Circus Throws and the Value of Perception

Being a kid in high school means being an idiot, or at least it did in my case. You do dumb stuff, and you’re supposed to. Most will say that it’s because it’s for the experience of growing and becoming wiser, but that’s only about half of it. The main reason is because, if you survive it, you should come out of it with some funny stories to tell people later. Yes, of course, you should learn from them too, but they should also be good at parties.

This one was sort of a lesson in what happens when you give power to those who aren’t ready for it, kind of like teaching an unstable person forbidden martial arts. You’re arming them with an ability they aren’t otherwise fit to use. Such was the case when some poor idiot taught two other poor idiots how to perform what they called a “circus lift.”

Basically, you grab your left wrist with your right hand while standing opposite someone else doing the same, and then you each grab the other persons right wrist with your open left hand. What you should have between you when you’re done is basically a net of your arms. We were told – unwisely, as time would show – is that you can toss willing participants really, really high when you have them sit on your newfound arm-net. Just bend with the knees, count to three, and launch them.

And you know what? It works. It really, really works.

My buddy Peter and I became a regular sideshow attraction most lunch periods by the Senior Steps, taking volunteers and hucking them up into the air. We got good at it and an eensy, teensy bit famous for it. So it just became what we did for a few weeks. Then we had That Day happen. You know the one, the one that earns those capital letters, and the fateful dun-dun-duuuun piano bass.

It had rained pretty heavily the night before, and our usual launch pad was the grassy slope next to the Steps. As you could imagine, it was still slick and muddy by the time lunch came around, and that should have given our regularly schedule launches cause for postponement. But this wouldn’t be the Tale of Two Idiots if we did that. So of course we kept throwing people that day. (And in our defense, it should be The Tale of About a Dozen Idiots given how people kept stepping up, despite the slippery conditions.)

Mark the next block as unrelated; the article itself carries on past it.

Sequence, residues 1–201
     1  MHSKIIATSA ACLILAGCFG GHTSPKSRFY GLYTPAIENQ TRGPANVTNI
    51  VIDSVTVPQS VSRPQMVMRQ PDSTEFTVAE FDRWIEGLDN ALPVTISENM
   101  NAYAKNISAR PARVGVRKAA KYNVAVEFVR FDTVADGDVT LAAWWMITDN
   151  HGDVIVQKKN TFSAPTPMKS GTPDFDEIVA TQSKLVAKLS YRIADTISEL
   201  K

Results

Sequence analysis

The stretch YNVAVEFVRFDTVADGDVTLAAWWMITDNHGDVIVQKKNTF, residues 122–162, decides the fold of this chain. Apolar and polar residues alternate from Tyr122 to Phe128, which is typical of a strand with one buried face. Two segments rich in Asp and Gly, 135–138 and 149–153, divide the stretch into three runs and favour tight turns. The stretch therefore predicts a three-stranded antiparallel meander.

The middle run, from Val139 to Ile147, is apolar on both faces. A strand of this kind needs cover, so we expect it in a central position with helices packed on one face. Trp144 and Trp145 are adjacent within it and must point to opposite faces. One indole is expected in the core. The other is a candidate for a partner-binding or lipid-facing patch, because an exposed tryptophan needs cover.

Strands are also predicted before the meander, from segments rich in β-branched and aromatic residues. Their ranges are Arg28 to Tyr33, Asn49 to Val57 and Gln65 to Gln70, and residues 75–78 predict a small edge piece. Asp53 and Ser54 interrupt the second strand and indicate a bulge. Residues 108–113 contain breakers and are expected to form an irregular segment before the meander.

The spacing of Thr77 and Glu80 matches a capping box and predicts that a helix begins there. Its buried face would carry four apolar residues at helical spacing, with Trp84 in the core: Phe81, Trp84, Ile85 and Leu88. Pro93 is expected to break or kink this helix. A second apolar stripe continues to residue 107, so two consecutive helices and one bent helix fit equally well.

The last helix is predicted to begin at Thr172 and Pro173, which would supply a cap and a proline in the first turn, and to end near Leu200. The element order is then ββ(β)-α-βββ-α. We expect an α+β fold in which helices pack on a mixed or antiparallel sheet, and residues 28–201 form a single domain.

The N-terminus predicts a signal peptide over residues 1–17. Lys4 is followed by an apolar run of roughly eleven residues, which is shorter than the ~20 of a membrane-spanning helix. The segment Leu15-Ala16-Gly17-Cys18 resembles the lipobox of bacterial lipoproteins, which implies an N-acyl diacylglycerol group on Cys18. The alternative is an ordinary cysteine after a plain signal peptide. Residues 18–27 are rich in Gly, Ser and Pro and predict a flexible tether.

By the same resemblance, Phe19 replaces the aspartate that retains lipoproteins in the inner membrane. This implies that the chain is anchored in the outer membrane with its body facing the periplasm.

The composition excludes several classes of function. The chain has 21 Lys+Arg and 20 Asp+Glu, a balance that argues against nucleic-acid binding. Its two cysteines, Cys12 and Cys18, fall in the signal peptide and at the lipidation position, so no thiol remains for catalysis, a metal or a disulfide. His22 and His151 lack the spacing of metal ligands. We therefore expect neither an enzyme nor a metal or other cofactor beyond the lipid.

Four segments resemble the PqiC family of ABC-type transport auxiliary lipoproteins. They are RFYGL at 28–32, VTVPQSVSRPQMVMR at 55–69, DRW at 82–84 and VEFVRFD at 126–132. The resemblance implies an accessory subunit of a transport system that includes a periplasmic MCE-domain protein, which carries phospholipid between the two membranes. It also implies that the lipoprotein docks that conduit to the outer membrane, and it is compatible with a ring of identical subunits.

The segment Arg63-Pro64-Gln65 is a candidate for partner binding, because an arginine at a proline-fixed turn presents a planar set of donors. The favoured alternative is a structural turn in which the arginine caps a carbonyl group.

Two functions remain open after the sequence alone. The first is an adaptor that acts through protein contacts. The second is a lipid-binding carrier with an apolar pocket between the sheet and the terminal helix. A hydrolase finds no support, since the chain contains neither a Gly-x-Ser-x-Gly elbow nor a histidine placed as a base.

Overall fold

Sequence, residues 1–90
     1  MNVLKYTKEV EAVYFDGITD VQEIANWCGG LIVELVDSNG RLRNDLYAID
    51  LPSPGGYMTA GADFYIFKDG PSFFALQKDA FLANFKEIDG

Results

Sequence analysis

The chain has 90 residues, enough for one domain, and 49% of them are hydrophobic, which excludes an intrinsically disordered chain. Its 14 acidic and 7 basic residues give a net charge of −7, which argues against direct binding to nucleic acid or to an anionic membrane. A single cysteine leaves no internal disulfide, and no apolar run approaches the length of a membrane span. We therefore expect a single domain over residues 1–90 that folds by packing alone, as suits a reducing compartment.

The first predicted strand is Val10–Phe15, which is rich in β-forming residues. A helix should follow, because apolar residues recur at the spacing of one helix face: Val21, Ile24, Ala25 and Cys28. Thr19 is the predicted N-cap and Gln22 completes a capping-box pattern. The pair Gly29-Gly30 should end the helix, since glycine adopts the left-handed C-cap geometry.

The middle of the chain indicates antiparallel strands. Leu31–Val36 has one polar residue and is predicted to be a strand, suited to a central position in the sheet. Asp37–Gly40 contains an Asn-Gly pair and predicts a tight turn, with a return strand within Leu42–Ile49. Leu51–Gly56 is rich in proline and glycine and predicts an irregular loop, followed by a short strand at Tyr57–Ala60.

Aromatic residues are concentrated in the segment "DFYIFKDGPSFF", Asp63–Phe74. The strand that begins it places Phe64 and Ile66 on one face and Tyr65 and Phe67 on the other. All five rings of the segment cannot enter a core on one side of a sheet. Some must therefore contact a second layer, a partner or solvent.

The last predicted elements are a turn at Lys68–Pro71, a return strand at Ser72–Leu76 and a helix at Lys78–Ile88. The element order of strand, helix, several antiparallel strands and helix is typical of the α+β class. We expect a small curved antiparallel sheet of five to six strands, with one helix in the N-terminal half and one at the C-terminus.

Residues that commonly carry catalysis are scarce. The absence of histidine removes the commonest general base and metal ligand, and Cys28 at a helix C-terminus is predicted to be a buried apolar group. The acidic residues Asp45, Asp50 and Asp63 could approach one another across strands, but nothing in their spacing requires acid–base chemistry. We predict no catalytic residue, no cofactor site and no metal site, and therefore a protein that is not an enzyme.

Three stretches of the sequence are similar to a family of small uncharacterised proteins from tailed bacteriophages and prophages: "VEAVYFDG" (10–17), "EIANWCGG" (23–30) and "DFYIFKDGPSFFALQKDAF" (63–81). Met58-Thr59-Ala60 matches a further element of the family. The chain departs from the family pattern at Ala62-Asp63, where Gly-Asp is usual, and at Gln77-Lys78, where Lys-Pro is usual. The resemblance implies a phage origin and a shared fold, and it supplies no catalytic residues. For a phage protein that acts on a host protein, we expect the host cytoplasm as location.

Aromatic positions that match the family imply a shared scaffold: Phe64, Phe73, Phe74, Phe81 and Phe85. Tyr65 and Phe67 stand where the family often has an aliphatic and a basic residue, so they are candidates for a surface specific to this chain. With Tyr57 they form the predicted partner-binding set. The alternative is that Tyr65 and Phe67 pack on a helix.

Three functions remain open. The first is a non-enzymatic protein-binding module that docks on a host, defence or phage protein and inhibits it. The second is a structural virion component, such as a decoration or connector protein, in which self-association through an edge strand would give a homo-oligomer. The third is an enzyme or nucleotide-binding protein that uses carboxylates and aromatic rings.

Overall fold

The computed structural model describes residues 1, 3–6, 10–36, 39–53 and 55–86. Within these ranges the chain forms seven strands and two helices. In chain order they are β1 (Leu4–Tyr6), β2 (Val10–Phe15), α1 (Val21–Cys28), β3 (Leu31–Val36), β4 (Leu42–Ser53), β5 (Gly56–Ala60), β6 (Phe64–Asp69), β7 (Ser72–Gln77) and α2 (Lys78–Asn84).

It comes to our last throw of the day, and a friend of ours steps up – we’ll call her Ana, for the sake of this. So Ana sheds her backpack, takes a seat, we do our countdown, we launch her, and…well, you know those times you get a feeling? A Bad Feeling? It’s the moment directly after doing some irrevocable that forces you to raise your eyebrow a bit and think, “Uh-oh. That might have been a bad idea.”

Right away, you can see that Ana’s trajectory and mid-air balance are off. She went pretty high, too. The way she hit her arc and is on her way down doesn’t look too promising, but there’s nothing to do but cringe and see how she ultimately sticks the landing.

She does not stick the landing.

What happens is she breaks her damn ankle. It was a loud, pretty sickening cracking sound that I can still hear pretty clearly in my head when I think about it. I remain pretty proud of my instincts, because I didn’t waste any time in acting. It was pretty clear precisely what had happened, and I’m off to the nurse like a lightning bolt. I’ve always been a tall kid, and as a seventeen-year-old Energizer Bunny, I made really good time. I get to the nurse, quickly explain what’s happened, and lead her to the site of the accident.

The only problem is that I didn’t tell anyone I was doing that. So to everyone else, I just threw this girl in the air, heard her ankle break, and Usain-Bolt’d out of the scene like a complete a**hole.

Things wound up alright in the end, and I’m a lot better at communication nowadays.